This blog offers a meditation on the Common Lectionary daily readings along with a headline from world news:
1 Corinthians 7:1-9
New Revised Standard Version, Anglicised (NRSVA)
Directions concerning Marriage
7 Now concerning the matters about which you wrote: ‘It is well for a man not to touch a woman.’ 2 But because of cases of sexual immorality, each man should have his own wife and each woman her own husband. 3 The husband should give to his wife her conjugal rights, and likewise the wife to her husband. 4 For the wife does not have authority over her own body, but the husband does; likewise the husband does not have authority over his own body, but the wife does. 5 Do not deprive one another except perhaps by agreement for a set time, to devote yourselves to prayer, and then come together again, so that Satan may not tempt you because of your lack of self-control. 6 This I say by way of concession, not of command. 7 I wish that all were as I myself am. But each has a particular gift from God, one having one kind and another a different kind.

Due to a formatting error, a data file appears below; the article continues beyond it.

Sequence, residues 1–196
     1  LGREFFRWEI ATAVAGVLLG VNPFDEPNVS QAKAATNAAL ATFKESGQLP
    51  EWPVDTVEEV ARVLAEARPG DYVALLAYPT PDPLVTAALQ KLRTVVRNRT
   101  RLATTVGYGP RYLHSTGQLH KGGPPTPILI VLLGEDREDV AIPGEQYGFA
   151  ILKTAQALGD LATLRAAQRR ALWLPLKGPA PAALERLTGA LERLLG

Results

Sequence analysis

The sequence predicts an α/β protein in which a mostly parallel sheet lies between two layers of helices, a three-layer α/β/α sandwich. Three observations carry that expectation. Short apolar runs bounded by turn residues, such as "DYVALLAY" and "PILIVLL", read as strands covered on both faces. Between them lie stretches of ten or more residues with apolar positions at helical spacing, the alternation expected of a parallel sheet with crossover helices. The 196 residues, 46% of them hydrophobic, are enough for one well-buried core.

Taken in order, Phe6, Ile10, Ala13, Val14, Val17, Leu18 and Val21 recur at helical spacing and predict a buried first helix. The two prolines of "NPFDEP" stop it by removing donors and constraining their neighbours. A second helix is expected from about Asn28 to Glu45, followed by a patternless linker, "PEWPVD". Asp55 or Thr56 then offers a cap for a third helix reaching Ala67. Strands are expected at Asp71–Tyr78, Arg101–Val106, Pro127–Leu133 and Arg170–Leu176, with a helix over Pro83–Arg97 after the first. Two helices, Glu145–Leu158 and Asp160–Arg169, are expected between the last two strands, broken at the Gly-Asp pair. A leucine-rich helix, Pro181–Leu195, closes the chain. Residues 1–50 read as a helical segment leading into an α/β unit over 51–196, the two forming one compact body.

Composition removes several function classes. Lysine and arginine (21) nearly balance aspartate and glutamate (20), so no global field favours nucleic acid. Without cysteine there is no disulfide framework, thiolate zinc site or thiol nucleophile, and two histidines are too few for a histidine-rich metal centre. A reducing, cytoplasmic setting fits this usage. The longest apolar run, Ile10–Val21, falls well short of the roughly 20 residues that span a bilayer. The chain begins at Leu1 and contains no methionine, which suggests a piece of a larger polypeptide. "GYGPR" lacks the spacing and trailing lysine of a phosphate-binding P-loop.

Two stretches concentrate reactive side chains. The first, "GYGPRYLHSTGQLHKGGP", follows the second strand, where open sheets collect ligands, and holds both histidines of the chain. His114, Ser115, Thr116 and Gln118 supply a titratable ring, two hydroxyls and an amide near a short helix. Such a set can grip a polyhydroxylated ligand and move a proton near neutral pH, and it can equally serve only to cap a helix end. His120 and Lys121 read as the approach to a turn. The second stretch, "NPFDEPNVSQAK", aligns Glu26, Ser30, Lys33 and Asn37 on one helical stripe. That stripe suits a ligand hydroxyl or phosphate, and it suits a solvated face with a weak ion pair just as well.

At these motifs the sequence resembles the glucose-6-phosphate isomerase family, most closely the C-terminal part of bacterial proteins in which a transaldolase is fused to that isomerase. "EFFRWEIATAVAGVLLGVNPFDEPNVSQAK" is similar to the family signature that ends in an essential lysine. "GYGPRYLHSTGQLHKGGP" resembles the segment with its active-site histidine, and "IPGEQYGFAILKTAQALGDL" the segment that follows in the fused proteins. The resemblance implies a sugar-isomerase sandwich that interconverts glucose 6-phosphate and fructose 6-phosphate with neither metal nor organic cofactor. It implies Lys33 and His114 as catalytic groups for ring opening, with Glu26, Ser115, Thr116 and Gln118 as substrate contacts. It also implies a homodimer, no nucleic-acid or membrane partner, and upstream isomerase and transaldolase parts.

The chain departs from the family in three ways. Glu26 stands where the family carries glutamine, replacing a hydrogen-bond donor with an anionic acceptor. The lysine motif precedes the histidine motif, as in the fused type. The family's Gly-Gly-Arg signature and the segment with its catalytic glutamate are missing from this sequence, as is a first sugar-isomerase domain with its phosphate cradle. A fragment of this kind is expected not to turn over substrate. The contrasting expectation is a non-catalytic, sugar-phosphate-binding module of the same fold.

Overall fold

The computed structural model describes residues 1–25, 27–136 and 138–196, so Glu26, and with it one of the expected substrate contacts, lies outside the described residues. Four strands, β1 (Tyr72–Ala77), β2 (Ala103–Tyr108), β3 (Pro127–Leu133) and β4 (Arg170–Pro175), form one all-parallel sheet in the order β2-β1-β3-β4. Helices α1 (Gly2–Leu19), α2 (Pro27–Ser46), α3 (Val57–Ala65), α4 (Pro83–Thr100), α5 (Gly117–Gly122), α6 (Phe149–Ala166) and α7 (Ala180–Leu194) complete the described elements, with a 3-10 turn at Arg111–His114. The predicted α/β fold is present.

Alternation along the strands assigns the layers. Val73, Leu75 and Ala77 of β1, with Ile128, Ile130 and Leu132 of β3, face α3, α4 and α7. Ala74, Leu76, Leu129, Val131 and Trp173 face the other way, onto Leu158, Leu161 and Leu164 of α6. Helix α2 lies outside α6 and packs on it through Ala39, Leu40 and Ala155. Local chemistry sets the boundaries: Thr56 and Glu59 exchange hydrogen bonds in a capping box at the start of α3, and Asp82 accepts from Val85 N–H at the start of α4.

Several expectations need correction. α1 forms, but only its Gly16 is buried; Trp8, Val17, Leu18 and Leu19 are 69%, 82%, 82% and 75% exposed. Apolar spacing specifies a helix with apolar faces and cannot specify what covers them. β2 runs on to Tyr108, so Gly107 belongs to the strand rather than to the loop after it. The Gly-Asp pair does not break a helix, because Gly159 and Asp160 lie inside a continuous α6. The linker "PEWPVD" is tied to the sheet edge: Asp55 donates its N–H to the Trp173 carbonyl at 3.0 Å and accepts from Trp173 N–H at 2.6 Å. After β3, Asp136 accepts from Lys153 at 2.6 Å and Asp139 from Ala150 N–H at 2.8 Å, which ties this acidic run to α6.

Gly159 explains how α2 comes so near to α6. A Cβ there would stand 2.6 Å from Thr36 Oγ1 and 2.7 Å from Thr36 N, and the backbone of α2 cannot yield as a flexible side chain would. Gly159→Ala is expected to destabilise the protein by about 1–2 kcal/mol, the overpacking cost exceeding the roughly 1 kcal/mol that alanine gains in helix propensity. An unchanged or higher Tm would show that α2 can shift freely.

8 To the unmarried and the widows I say that it is well for them to remain unmarried as I am. 9 But if they are not practising self-control, they should marry. For it is better to marry than to be aflame with passion.
This translation puts the opinion that it’s better for a man not to touch a woman, in quotation marks, as if it was written by his Corinthian correspondent. This seems good to me, as there is nothing else in St. Paul’s writing that expresses this extreme position. He does suggest that new relationships might not be wise in view of the expected return of Jesus Messiah. In his own case, he remains without a wife because of the requirements of his calling. Otherwise he shows a down-to-earth, shrewd, perhaps one might say, slightly sour, view of sexuality. If his unromantic emphasis on conjugal rights is typical, we should note it also requires complete equality.
His conclusion that it’s better to marry than burn is the kind of crabbit (Scots=testy) judgement that wins him no admirers from a sexually saturated society, or from its critics, who tend to be advocates of lurve; but pleases those who are more interested in friendship, politics or God.
In sum, St Paul is not a 21st century liberal Christian; nor however is he a Catholic Pope who continues to insist that celibacy is inherently better than marriage without noticing that his priests are aflame with all sorts of dangerous passions. He admits the power of sex and the value of marriage while insisting that there are things more important than either.